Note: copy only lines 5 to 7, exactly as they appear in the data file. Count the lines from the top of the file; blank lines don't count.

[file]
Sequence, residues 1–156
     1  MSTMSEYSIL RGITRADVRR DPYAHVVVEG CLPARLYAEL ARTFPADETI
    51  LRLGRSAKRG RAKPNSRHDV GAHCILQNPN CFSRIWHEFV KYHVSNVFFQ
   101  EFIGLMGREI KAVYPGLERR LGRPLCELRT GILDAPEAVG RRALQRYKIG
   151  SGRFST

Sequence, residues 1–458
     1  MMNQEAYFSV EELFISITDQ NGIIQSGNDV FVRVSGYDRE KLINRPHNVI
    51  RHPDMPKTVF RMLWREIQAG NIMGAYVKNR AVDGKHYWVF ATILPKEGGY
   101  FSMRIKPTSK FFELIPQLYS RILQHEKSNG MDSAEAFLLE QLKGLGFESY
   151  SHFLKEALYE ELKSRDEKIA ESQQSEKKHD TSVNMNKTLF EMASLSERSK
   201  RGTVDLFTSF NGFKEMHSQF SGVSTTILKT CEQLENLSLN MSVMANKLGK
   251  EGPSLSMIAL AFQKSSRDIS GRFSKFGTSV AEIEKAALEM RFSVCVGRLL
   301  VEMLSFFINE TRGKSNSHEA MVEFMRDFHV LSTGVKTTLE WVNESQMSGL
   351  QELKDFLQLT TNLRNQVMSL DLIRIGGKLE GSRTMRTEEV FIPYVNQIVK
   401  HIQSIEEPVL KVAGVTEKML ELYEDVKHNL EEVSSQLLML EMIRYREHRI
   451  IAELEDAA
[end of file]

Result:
   151  SGRFST

Sequence, residues 1–458
     1  MMNQEAYFSV EELFISITDQ NGIIQSGNDV FVRVSGYDRE KLINRPHNVI